Ironically, in the land of opportunity, resident success is largely determined by one’s childhood address. New research suggests that children’s opportunities for upward economic mobility is, at least in part, shaped by the neighborhoods in which they are raised or spend significant time during their formative years. Recent studies have found substantial variations of upward mobility across various neighborhoods, communities and metropolitan areas. For example, one-fourth of the gap in intergenerational economic mobility between blacks and whites can be attributed to the neighborhood in which they are raised.
Based on this new information, either neighborhoods have a causal effect on future life outcomes and upward mobility or there are systemic differences in the types of people that reside in neighborhoods. Either way, Grassroots Grantmakers seek to seriously consider the research to help devise strategies that reshape neighborhoods to reflect places that give our youngest residents the support needed to successfully transition into adulthood.
“What we have come to realize is that historical data on children can be leading indicators of economic opportunity; however, this data should be combined with additional qualitative analyses and on-the-ground knowledge.” – Roderick Wheeler, Executive Director of Grassroots Grantmakers
The Opportunity Atlas, a free interactive mapping tool that measures the impact of childhood neighborhoods, was recently launched to provide stakeholders with the data needed to learn more about why neighborhoods matter. By using this tool, grantmakers, civic leaders, residents and key stakeholders can identify specific communities that may limit opportunities and develop targeted investment strategies, at the neighborhood level, to improve the chances of upward mobility for all residents.
Economic Mobility Varies by Neighborhoods
Based on the data from 20 million individuals living in approximately 70,000 neighborhoods, social scientists and economist can estimate future earnings, incarceration rates, and other quality of life measures of children residing in every neighborhood in America. From one neighborhood to another, adult outcomes can vary greatly even among residents with comparable incomes yet are only separated by a few miles. For example, in the report, Impacts on Neighborhoods on Intergenerational Mobility, highlights the incarceration rates of children living in two Los Angeles neighborhoods, Watts and Compton. Nearly half (44%) of all children raised in the Watts neighborhood were incarcerated the day of the 2010 Census, compared to just 6.2% of adults who were raised two miles away in a neighborhood in central Compton. The question we now must ask ourselves when investing in neighborhood improvement, why do incarceration rates vary dramatically between these two neighborhoods despite having similar resident characteristics?
Economic Mobility Varies by Residents Within the Same Neighborhoods
What the research also informs us is that it is very difficult to say a neighborhood is either good or bad. Neighborhoods can be very good for some people, yet not so good for other people living in that same neighborhood. In a single neighborhood, adult outcomes could vary widely between racial and gender sub-groups. When disaggregating the data sets, researchers found different outcomes for different sub-groups in the same neighborhoods. Therefore, community philanthropy must seek additional information from individuals to learn more about what accounts for the differences experience by residents and how can we invest in developing “opportunity neighborhoods” that benefit all residents.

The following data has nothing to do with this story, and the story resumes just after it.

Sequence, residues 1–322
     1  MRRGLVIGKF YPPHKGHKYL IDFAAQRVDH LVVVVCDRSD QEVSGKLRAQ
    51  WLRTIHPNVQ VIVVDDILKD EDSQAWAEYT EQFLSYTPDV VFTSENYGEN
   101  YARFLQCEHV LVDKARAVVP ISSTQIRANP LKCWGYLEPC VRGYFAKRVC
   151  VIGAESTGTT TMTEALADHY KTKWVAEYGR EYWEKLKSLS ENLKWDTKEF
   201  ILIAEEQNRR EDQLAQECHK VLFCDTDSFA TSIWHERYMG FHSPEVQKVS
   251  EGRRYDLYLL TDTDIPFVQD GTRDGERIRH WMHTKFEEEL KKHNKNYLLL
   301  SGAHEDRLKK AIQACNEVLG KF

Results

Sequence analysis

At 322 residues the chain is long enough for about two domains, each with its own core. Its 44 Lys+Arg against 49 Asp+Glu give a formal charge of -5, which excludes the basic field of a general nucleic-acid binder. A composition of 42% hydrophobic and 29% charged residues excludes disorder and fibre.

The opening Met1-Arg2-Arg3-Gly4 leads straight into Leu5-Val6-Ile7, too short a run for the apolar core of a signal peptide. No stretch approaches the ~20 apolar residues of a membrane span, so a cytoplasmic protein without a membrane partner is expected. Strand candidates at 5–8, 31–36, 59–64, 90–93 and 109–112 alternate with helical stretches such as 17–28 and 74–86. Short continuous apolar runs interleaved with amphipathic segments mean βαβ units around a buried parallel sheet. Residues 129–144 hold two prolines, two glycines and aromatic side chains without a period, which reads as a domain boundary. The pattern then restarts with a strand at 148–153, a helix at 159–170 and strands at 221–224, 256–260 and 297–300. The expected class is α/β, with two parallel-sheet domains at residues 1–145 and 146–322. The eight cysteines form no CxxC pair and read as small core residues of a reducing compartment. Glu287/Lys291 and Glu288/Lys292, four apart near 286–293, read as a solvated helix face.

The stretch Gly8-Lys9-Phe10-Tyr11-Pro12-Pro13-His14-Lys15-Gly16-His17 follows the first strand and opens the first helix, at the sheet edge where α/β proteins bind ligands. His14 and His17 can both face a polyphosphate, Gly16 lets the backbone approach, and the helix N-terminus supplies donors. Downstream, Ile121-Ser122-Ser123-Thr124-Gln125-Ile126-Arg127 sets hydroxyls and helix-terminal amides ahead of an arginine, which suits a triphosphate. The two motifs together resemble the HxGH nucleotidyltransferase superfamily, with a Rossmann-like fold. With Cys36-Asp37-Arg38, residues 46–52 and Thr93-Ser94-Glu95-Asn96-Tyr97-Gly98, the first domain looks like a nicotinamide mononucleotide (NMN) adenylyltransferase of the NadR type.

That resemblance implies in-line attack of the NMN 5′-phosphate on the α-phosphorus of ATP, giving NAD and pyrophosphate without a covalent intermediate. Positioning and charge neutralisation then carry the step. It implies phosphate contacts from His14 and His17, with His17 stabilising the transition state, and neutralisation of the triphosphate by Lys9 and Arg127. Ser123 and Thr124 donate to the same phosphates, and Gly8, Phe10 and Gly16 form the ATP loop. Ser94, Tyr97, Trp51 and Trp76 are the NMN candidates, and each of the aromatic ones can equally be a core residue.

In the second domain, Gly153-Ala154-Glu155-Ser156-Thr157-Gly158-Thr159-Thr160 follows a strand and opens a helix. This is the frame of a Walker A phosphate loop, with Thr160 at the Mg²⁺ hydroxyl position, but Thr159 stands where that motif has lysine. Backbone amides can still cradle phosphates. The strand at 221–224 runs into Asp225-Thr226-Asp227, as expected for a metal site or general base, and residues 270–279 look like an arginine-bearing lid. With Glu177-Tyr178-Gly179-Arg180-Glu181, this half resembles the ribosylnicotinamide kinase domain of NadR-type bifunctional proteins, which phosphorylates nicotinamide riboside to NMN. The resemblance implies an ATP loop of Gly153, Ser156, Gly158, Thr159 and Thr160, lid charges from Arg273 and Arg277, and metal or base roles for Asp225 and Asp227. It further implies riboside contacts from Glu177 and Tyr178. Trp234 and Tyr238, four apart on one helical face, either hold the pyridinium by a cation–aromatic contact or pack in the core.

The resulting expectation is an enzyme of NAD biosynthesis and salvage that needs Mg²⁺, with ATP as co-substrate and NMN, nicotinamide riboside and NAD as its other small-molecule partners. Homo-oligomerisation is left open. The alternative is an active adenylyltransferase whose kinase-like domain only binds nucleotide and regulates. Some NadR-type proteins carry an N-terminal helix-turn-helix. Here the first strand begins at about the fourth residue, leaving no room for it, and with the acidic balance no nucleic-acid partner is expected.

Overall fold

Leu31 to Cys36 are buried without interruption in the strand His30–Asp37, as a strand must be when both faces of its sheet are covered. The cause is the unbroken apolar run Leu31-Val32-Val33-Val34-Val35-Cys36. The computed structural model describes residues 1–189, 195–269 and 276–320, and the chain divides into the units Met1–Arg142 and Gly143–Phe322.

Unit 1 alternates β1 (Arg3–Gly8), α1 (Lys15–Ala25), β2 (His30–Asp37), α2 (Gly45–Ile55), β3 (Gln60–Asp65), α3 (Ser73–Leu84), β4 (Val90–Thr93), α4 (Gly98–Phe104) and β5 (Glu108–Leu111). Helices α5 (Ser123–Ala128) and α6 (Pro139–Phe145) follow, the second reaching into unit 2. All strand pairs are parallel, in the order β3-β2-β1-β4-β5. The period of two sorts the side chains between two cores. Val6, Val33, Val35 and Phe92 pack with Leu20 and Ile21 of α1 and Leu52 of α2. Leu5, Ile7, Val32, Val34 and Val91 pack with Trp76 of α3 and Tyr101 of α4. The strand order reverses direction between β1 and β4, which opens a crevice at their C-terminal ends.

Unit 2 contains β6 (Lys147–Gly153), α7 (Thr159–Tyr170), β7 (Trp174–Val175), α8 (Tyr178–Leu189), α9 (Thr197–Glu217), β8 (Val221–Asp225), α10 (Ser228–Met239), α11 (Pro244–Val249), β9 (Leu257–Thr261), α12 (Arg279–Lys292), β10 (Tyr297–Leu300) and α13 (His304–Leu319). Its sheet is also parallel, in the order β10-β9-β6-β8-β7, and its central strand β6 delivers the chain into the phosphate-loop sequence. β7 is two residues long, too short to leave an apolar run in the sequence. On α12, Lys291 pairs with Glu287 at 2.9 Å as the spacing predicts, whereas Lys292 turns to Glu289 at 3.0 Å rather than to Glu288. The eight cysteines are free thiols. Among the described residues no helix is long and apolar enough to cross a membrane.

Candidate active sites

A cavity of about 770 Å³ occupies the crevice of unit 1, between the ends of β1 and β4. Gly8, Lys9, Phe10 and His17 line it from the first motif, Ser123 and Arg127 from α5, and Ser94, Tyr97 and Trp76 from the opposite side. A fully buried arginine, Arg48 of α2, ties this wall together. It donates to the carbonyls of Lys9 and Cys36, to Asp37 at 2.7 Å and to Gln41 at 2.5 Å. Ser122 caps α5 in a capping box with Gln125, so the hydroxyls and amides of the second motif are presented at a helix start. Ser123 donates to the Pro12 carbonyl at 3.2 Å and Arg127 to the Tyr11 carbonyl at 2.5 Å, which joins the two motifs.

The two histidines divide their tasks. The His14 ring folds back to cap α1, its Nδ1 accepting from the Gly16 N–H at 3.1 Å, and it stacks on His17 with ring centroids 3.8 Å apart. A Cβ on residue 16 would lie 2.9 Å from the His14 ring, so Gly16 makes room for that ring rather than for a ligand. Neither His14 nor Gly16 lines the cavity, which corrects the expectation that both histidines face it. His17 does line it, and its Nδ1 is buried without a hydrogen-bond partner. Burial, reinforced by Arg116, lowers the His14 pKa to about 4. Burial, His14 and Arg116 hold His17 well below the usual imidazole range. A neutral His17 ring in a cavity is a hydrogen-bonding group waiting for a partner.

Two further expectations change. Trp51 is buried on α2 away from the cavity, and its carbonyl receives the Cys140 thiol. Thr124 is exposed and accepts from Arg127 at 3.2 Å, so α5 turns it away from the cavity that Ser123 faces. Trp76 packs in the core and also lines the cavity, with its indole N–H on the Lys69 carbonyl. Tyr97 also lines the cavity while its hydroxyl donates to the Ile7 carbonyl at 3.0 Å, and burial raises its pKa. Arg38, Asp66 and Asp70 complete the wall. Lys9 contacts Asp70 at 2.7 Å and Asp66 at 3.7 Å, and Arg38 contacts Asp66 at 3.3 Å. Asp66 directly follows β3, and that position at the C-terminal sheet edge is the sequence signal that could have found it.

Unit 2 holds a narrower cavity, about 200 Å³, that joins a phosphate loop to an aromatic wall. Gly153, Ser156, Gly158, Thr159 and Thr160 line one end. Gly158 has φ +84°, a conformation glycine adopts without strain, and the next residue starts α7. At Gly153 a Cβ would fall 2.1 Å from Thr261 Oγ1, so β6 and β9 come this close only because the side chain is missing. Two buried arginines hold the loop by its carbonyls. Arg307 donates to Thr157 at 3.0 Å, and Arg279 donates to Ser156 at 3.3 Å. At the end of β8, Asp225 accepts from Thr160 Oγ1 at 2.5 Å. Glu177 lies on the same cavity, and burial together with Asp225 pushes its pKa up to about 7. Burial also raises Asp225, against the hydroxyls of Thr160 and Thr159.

Economic Growth Experienced by Some Cities Does Not Benefit Some Residents
Traditional measures of economic vitality have been rooted in overall economic and job market growth measures, usually at the metropolitan statistical area (MSA) level. However, for many residents living in high economic growth areas like Miami, Atlanta, and Dallas, not much of the MSA’s economic growth is benefiting residents born in these cities. In fact, the National Center for Children in Poverty (NCCP) report that child poverty rates are some of the highest in cities experiencing the strongest economic growth rates. One explanation of why is this occurring is that many cities are importing talent form other locations rather than developing local talent to share in the economic growth of their respective cities.
However, in contrast, there are some cities where economic growth and upward mobility of residents go hand and hand. For example, residents born and raised in Denver, Seattle, and Huston neighborhoods are far more likely to experience higher social-economic upward mobility rates into adulthood. Still, there are a unique group of cities (e.g., Boston, Pittsburgh, Minneapolis) that have experienced very little economic growth, yet their residents live in neighborhoods that produce higher than average economic mobility rates of children residing in various neighborhoods. Even for children that move into “opportunity neighborhoods” at an early age experience higher upward mobility rates than those who remain in neighborhoods that limit upward mobility.
“Community philanthropy must invest in generating inter- and intra-neighborhood research that examines differences in upward mobility outcomes for children.”
What seems to matter most are the conditions in one’s own neighborhood, not large geographical areas or in cities. Therefore, developing targeted neighborhood investment strategies and engaging neighborhood residents to learn more about these inter- and intra-neighborhood dynamics that support, or handicap upward mobility is critical to developing effective community investment strategies.